What It Is (posts below left; rate sheet, client list, other stuff below right)

My name is Bob Land. I am a full-time freelance editor and proofreader, and occasional indexer. This blog is my website.

You'll find my rate sheet and client list here, as well as musings on the life of a freelancer; editing, proofreading, and indexing concerns and issues; my ongoing battles with books and production; and the occasional personal revelation.

Feel free to contact me directly with additional questions: landondemand@gmail.com.

Thanks for visiting. Leave me a comment. Come back often.

Monday, March 12, 2012

Tales of Brave Ulysses and Matters Mystic

The title of the post is for the Paisan, but the post is all about me. I mean, this is a work blog, right? My work blog?

And the point of the blog was originally to serve as a site to hawk my wares. Evidence over time shows that the approach has worked. I’m presently editing a nifty and utterly fascinating book on the history of hypertext. The author came referred to me from an Australian professor who found the blog and me and whose book I worked on a few years back. Now he’s spreading the love around the world to his peers. That’s the way it’s supposed to work.

Occasionally my readers might not be authors but managing editors who have sent work my way. It’s all good.

Those of you keeping score may remember that I’ve been proofreading since 1974. First for my high school newspaper (perpetual gold-medal winner at the Columbia Scholastic Press Association), and then beginning in 1981 with a now-lengthy series of paying gigs (in addition to and wrapped around editing, etc.). It’s probably not an exaggeration to say that I’ve forgotten more companies that I’ve proofread for than I remember.

The only time in the last 38 years that I’ve not been involved in some way with printing or publishing was during my three-plus years as an English major in college -- time during which I avoided publishing . . . and the classics. Don’t ask why. I can’t say I always make the best or most appropriate decisions.

During those college years, I met a friend with whom I’ve recently reconnected over the last few years. He’s always had one foot firmly planted in matters mystic. In a recent email from him, he warned, “Be careful about what you invite into your life.” I think the point was that if you want a door to open, you’d better be ready to handle whatever’s behind that door. It might be way more than you bargained for.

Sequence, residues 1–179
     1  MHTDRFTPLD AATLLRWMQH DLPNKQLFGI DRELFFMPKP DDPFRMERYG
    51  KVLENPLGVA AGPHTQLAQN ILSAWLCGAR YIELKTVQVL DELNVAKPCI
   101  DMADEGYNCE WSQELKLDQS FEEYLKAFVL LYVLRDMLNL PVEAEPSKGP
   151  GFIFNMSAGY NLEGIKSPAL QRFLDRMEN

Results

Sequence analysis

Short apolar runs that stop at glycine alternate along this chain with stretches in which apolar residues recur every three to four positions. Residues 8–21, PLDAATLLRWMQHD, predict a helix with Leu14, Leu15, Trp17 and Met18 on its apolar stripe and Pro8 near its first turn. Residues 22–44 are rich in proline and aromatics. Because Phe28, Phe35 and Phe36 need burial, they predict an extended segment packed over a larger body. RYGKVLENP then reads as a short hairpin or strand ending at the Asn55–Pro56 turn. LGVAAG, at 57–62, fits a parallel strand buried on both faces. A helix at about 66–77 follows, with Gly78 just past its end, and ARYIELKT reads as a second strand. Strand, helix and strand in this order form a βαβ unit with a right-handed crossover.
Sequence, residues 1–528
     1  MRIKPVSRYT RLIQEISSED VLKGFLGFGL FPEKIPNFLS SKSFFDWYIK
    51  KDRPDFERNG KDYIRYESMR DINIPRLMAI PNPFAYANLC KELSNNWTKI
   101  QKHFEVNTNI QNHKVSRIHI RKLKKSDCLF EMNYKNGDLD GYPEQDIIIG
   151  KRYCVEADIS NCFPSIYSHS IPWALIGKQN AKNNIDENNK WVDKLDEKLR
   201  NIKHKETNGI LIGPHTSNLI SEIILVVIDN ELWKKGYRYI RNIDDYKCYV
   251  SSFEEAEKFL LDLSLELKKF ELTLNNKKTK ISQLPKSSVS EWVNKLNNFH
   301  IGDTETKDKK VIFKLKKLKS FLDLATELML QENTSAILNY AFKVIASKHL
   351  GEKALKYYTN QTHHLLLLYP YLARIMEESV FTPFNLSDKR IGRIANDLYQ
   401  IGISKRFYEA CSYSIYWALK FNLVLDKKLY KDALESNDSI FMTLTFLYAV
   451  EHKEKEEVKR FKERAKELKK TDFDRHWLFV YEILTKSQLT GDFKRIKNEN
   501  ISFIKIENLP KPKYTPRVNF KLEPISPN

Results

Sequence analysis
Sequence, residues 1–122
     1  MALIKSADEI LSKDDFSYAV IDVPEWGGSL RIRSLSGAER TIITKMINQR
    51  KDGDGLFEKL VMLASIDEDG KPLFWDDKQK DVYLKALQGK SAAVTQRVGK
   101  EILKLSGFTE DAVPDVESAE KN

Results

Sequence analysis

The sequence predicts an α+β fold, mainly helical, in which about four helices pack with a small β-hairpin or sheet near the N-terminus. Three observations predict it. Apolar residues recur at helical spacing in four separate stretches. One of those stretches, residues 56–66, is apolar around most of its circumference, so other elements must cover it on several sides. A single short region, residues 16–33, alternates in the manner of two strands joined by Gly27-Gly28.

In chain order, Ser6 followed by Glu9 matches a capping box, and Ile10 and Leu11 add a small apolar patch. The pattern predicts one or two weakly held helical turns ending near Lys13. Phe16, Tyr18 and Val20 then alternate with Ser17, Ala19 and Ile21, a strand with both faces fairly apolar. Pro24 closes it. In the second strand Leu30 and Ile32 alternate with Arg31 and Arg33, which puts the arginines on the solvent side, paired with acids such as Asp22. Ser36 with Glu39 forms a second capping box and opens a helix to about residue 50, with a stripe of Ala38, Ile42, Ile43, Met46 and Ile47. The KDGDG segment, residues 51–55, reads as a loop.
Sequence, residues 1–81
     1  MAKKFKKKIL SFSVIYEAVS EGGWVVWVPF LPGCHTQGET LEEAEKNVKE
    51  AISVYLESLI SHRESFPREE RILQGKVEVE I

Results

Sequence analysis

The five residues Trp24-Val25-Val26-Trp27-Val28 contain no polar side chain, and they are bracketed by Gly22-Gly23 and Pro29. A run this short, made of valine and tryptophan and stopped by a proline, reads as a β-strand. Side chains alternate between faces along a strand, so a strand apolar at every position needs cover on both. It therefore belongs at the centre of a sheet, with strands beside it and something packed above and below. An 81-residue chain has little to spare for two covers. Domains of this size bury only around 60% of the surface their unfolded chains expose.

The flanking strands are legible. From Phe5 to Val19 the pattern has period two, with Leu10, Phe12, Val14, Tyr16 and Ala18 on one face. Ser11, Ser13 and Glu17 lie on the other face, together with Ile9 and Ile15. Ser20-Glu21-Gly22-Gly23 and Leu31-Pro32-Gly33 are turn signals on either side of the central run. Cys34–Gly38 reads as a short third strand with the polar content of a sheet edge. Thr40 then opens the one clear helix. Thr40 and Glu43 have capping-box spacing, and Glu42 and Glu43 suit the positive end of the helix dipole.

And a few posts back, I pondered . . . How would I handle it if Gertrude Stein’s The Making of Americans were to come in over the transom these days? And what if it required a read against the manuscript, which is rarely done anymore? Nine hundred pages of one of the English language’s most unreadable novels . . . that I would have to read under deadline pressure . . . and where mistakes carry consequences.

I thought the 900-page family history that came into my life which I edited, and which I may soon be indexing, was the universe’s little giggle on my behalf.

Be careful what you invite into your life.

Even unknowingly.

I give you a moment from last week’s Land on Demand inbox:

* *

Dear Bob:

[OUR] press is publishing an e-book edition of Ulysses based on [OUR] World Classics print edition. We are going to create this e-book edition by optical character recognition (OCR) scanning of the print book. We need to get it proofread because this kind of technology is, of course, imperfect and we want to avoid the introduction of the kinds of errors one often sees in quickly made e-books.

I am sure I don’t need to tell you that this particular book is going to be a challenge to proofread. Joyce was not a conventional speller or punctuator. There are existing typos and other errors in the book that have to be retained for historical reasons, so this will be a careful check against the original. What you would read are Word files containing the output of the OCR process. Only errors introduced during OCR will be fixed.

Anyway, I thought of you immediately. We should have the files around the 23rd of March and were hoping to have them back a month later. I don’t know exactly how many pages it will be in Word terms, but the print edition is 980 typeset pages.

* *

As an English major, a lifetime proofreader, and one whose business relies on the graces of scholarly presses, I can think of no greater capstone than to be “thought of immediately” when [OUR] Press wants to republish its definitive version of Ulysses in an in-demand format for a new millennium.

Here's lookin' at you, kid.


moi said...

I go away for a while and see what happens? You write three posts. THREE!

Big congrats on now being thought of immediately by Oxford U's press. That's quite the accomplishment.

However, I'm still mentally upchucking at the thought of ever having to proofread Joyce—hell, READ Joyce—for any reason.

But that's why you are the King of All Copy Editing.

czar said...

@Moi: Don't make it a habit.

I fear the blog posting is a bit too braggy, but who's going to do it, if not me?